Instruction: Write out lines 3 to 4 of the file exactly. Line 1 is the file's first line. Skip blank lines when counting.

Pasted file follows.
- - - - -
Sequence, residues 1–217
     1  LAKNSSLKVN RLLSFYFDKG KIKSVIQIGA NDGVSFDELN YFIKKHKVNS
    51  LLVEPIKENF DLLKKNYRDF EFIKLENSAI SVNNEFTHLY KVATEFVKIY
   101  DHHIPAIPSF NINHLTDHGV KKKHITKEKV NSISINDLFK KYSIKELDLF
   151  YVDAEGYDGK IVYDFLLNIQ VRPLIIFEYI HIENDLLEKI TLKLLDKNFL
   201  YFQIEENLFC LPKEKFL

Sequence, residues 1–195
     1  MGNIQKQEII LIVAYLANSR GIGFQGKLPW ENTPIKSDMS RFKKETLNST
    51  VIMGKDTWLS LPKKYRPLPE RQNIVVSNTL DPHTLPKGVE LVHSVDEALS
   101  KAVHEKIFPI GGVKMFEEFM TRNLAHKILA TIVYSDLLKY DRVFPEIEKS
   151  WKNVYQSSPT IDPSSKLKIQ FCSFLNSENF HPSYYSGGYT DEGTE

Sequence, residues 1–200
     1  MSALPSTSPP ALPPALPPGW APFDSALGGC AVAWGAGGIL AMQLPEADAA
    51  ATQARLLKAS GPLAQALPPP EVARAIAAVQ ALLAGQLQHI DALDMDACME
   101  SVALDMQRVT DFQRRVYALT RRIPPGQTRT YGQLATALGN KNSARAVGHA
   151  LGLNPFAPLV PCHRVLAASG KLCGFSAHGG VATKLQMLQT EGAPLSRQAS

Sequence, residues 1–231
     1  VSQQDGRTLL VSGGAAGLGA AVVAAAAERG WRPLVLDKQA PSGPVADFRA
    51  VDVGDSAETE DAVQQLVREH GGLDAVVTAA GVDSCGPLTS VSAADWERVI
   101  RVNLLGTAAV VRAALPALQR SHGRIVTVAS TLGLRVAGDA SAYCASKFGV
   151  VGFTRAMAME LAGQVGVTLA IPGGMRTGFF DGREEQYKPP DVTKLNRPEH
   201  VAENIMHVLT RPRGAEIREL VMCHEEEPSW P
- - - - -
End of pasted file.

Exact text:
    51  LLVEPIKENF DLLKKNYRDF EFIKLENSAI SVNNEFTHLY KVATEFVKIY
   101  DHHIPAIPSF NINHLTDHGV KKKHITKEKV NSISINDLFK KYSIKELDLF